Hôtel de Ville - Hôtel de Ville information and pictures
City Hall (Hôtel de Ville)
is one of Montreal’s most impressive buildings. Montreal City Hall is an architectural monument and administrative center located in the historic district of Montreal
. Construction of this building commenced in 1872. It underwent restoration in 1922 and 1932. The City Hall was designed by the architects Alexander Cowper Hutchison and Henri-Maurice Perrault and was designated a National Historic Site of Canada in 1984.
This building is five storeys high. It was completed in 1878 and features what is known as the Second Empire style of architecture. It nestles between Champ de Mars and the Place Jacques-Cartier, and is within easy reach of the Champ-de-Mars subway station, which is the closest metro station. Note that in summer, Champ de Mars, which is named after a French explorer, is a car-free zone. A popular garden restaurant here is Jardin Nelson, especially during the high season. Parisian terrace dining is offered by other restaurants around.
According to experts, Montreal City Hall is among the hallmark examples of the Second Empire style in Canada. It is also the first city hall to have been built only for municipal administration in the whole of Canada.
The exterior of the building is decorated with mansard roofs, grand turrets, and well as ornate balconies. It is a beautiful sight at night when hundred of bulbs light the City Hall. Inside the hall itself, visitors enjoy an abundance of bronze and marble. The Hall of Honour features the portraits of all mayors who held this office in the city. The hall is decorated with art deco lamps, marble from Campagna, and a massive glass and bronze chandelier.
Because the hall functions as Montreal’s administrative quarters, even today, mayors have their office here. Many areas of the City Hall are off-limits to visitors, but you can sign up for a 15-minutes tour, which is offered from May to October, several times on weekdays. Visitors who join the tour will enjoy the view from the terrace, overlooking downtown. Those who do not take this tour may stop at the beautiful council chambers.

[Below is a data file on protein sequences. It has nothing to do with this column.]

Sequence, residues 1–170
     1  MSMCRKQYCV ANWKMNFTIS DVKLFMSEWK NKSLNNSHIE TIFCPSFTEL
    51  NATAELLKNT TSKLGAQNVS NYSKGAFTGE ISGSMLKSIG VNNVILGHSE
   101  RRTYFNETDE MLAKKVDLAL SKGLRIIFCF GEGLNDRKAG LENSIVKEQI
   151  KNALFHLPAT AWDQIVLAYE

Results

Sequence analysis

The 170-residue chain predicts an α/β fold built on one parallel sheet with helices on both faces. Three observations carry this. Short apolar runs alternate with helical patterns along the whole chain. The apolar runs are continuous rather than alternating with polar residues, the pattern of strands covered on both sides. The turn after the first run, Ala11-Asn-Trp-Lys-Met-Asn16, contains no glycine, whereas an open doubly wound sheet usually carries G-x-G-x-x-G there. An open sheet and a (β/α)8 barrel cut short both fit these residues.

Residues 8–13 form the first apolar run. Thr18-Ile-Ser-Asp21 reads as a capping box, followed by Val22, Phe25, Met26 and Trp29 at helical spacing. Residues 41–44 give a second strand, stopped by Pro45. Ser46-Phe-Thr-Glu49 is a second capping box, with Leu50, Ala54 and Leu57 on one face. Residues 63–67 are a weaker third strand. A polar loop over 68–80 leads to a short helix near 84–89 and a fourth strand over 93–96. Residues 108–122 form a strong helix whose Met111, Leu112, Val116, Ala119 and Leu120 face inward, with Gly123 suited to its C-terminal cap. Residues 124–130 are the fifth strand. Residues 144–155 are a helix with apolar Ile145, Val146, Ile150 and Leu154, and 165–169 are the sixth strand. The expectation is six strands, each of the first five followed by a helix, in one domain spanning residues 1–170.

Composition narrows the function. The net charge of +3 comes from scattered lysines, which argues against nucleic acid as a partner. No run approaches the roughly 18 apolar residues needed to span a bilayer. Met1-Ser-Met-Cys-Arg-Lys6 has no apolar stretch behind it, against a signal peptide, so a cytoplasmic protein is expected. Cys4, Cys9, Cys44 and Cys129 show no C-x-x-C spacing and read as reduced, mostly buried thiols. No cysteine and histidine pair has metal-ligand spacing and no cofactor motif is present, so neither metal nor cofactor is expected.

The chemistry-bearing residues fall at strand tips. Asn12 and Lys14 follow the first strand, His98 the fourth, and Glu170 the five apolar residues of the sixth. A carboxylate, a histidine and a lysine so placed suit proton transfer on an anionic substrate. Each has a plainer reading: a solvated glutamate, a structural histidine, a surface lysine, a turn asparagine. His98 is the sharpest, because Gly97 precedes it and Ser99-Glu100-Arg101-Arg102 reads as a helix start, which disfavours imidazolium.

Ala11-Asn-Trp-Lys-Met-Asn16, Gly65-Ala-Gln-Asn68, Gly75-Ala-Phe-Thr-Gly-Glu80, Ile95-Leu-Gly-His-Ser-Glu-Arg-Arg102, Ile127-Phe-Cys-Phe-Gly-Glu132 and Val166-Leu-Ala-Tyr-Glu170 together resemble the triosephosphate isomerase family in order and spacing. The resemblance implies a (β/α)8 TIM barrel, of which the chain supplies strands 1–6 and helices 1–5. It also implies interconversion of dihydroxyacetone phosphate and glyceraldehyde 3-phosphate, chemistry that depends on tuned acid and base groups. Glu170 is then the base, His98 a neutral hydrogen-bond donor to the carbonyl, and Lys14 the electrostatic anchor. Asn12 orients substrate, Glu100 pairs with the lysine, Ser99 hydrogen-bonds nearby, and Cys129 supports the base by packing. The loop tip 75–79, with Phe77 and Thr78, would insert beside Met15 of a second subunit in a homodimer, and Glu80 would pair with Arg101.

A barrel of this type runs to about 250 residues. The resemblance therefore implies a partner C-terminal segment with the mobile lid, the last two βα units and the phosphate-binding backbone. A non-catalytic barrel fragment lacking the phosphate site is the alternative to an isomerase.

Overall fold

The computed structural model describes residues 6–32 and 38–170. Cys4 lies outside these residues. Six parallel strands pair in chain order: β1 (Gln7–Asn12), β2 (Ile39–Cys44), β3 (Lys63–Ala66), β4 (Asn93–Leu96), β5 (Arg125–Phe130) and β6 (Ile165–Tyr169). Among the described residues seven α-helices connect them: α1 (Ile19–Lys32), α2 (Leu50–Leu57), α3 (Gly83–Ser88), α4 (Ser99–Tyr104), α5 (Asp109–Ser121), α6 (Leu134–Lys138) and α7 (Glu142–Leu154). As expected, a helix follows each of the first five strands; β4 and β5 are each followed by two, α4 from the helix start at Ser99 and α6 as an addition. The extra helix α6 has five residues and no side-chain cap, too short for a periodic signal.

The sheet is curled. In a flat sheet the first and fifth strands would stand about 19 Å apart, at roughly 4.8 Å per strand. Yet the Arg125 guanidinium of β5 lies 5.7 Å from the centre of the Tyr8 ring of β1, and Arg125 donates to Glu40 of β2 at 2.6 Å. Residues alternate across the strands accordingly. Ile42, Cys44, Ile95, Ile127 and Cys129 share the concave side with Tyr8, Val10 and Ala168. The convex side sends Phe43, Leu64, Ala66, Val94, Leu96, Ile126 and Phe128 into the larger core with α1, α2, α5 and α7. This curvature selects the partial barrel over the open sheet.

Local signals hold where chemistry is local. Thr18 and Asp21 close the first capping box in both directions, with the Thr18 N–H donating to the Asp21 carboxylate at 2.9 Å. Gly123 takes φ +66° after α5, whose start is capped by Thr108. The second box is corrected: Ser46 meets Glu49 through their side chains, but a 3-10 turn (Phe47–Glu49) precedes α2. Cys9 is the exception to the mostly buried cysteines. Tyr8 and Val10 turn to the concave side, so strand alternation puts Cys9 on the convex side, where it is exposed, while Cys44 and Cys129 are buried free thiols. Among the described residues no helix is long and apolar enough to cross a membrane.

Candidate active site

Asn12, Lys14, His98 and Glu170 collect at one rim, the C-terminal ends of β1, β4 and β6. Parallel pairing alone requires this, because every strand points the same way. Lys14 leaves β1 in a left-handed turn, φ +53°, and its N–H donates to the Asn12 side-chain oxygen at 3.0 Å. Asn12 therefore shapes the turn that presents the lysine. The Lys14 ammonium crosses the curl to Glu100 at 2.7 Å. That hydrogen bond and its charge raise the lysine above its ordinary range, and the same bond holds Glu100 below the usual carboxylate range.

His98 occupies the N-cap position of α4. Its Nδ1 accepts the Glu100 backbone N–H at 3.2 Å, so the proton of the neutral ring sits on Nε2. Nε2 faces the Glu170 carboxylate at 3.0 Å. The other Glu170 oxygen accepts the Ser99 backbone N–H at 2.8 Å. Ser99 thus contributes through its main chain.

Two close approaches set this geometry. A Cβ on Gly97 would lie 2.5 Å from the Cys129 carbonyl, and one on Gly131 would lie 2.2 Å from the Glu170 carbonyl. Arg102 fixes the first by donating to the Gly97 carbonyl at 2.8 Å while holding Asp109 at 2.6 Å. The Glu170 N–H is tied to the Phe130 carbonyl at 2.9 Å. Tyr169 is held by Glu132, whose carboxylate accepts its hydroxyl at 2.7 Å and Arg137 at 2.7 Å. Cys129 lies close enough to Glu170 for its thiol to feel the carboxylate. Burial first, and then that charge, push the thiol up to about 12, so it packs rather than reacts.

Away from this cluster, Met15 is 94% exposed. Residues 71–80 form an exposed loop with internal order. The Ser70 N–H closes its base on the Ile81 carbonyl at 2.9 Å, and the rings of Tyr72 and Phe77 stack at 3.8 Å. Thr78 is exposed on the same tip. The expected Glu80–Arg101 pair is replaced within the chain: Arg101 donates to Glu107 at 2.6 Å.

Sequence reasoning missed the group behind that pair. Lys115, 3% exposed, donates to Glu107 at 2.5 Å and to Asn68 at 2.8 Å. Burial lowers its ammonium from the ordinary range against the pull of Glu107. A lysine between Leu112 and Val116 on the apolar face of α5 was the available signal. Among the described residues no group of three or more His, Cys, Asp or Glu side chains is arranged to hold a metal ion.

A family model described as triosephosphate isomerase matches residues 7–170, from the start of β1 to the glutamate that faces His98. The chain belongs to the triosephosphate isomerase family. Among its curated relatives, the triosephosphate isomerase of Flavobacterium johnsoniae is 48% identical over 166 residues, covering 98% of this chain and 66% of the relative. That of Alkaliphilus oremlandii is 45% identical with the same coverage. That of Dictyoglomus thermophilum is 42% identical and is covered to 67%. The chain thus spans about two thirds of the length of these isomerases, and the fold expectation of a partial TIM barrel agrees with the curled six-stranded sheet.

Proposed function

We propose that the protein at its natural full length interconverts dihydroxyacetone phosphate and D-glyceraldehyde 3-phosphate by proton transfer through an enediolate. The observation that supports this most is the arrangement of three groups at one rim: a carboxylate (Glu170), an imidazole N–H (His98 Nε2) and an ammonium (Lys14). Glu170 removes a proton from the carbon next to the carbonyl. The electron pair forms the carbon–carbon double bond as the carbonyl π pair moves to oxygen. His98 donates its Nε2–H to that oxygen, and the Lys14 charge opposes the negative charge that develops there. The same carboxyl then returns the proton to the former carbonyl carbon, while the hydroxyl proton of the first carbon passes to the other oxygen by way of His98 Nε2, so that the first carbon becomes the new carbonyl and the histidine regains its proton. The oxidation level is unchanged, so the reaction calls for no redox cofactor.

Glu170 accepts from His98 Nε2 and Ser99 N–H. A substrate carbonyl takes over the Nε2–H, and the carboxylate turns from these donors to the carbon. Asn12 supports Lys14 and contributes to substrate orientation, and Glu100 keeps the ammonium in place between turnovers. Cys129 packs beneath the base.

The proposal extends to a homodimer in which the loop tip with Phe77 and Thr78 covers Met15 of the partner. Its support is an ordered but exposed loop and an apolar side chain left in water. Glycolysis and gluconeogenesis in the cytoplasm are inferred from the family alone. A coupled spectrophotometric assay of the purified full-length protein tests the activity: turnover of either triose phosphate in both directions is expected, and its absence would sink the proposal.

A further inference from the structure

In 1922 the building burned down. Only the outer wall was left, and many of the city's historic records were lost to time. The renovation of the building was delegated to the architect Louis Parant, who made the decision to create a completely new building. He got inspiration from the city hall of the French city of Tours. The new city hall of Montreal featured a self-supporting steel structure erected beneath the ruins. Instead of sticking to the original roof, which was made of slate tiles, Parant made one of copper, modeled after the Beaux-Arts trend in architecture.
Montreal City Hall has also been home to many interesting historic events. Then-president of France Charles de Gaulle gave a speech in honor of the freedom of Quebec from the balcony of this building in 1967.
As you see, Montréal City Hall could be a great starting point of a historic tour. The city celebrated its 350th anniversary in 1992. Few people know that it started out as a tiny colony with less than fifty members. Today its population numbers three million. The city has French roots but also features British influences, and these two aspects of culture form a unique blend, culminating in the atmosphere one can sense in the city hall.
City Hall is facing Place Jacques-Cartie
(Jacques-Cartie square). It runs from Hôtel de Ville and rue Notre-Dame to the waterfront. The Place Jacques-Cartie is always bustling with people and attracts tourists as well as craftsman, artists and street vendors.
Where is Hôtel de Ville: 275 rue Notre-Dame Est
How to get to Hôtel de Ville: Subway Orange line to Champ-de-Mars
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